The recent surge in climate change litigation bodes well for Vanuatu, as the establishing precedence only strengthens their claim for damages. However, Vanuatu still faces major obstacles. Firstly, a lack of an international body to address the issue. Even if a case is brought before the ICJ, it can only be against a Member State. Thus, action against private entities cannot be brought before the ICJ. Secondly, identifying the rights violated and then assessing and assigning the damage liability to individuals, entities and governments. Thirdly, if Vanuatu pursues action in domestic courts, there are issues relating to the appearance of the party to the summons and the ability of Vanuatu to enforce the judgment. As the primary means of compliance for offenders in the international area are sanctions, Vanuatu without support from larger nations wouldn’t be able to handout sanctions to force compliance. There are many problems that Vanuatu faces but they cannot sit still now, and it is time to act and make the polluters liable.
* Shubham Sharma is a graduate from NALSAR University of Law. He has worked on several research projects relating to human rights, juvenile justice, and climate change.
Thailand: Growth in Jobs Critical for Sustained COVID-19 Recovery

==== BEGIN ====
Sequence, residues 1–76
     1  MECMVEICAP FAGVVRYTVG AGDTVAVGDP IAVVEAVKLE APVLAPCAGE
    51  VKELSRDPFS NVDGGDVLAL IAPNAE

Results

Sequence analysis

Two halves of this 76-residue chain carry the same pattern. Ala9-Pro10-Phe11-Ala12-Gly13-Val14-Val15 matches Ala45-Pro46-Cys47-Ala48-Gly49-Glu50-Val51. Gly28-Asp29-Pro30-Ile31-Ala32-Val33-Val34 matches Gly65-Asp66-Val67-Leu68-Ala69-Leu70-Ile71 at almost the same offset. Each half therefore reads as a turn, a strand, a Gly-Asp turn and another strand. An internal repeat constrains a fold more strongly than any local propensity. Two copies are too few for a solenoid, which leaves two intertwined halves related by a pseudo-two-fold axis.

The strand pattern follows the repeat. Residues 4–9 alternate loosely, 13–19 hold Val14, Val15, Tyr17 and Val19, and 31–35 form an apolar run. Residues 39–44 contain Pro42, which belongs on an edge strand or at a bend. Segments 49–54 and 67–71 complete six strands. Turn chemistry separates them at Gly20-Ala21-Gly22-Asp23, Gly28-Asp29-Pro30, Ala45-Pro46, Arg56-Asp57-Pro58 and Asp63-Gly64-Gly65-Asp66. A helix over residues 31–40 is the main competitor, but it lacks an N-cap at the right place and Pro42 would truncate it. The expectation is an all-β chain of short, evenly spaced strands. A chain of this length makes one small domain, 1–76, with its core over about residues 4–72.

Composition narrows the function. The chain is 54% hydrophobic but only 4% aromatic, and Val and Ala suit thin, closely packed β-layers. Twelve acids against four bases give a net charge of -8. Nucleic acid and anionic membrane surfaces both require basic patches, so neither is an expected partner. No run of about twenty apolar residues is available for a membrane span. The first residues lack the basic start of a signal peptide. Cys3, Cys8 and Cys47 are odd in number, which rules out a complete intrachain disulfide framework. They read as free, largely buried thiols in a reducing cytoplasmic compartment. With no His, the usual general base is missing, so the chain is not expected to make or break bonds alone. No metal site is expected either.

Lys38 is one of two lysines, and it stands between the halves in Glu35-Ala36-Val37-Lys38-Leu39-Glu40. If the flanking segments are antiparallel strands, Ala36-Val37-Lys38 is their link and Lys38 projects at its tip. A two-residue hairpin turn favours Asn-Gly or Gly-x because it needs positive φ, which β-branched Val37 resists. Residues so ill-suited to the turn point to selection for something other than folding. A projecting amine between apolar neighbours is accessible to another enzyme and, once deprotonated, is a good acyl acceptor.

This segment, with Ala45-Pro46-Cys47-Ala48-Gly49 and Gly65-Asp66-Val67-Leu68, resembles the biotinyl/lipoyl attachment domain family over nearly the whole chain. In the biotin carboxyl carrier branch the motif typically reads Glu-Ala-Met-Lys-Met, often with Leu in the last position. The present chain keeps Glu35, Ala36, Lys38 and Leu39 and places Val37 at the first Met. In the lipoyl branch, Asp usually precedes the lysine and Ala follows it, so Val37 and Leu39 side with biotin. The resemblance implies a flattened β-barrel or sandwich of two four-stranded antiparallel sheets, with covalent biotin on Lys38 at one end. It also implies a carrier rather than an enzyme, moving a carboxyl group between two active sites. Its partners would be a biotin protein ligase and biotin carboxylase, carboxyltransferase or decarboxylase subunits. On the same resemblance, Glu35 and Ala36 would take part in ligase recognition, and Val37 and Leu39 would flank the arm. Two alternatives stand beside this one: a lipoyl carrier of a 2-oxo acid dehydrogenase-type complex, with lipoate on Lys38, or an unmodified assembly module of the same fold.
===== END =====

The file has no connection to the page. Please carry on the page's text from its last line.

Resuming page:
Thailand’s economy was severely impacted by the COVID-19 pandemic and is estimated to have shrunk by 6.5 percent in 2020....
The Economy Against the Tide
The world evidently grappled with the effects of the Covid pandemic in 2020 and continues to wedge forward against the...
Over 1.9 billion people in Asia-Pacific unable to afford a healthy diet
The economic impact of the coronavirus pandemic and surging food prices are keeping almost two billion people in Asia and...
Priorities for improving diversity and inclusion in the energy sector
Prominent energy figures from around the world took part in a virtual dialogue last month on ways to accelerate progress...
New European Bauhaus: Commission launches design phase
Commission launched the design phase of the New European Bauhaus initiative, announced by President von der Leyen in her 2020...
Latin America and China: The economic and debt situation and the U.S. discomfort
Latin American countries have no relatively good room for fiscal and monetary policy adjustment like China, and basically lack the...
Arnab Goswami’s whatsApp leaks show power of propaganda
WhatsApp leaks concerning Arnab Goswami (Republc TV) have brought into limelight some bitter truths. One bitter truth is that the...
Middle East3 days ago
Morocco Increases Pressure on Hezbollah by Arresting One of its Alleged Financiers
Economy2 days ago
Bitcoin Price Bubble: A Mirror to the Financial Crisis?
Intelligence3 days ago
Indian Chronicle: Exposing the Indian Hybrid warfare against Pakistan
East Asia3 days ago
Time to play the Taiwan card
Middle East3 days ago
Why is Melih Bulu Seen as a Pro-AKP “Trustee” Rector?
Finance3 days ago
Corporate Boards are Critical Starting Points for Implementing Stakeholder Capitalism
Terrorism2 days ago
When shall the UNSC declare RSS a terrorist outfit?
South Asia3 days ago
The Persecution of Individuals from Hazara Community in Balochistan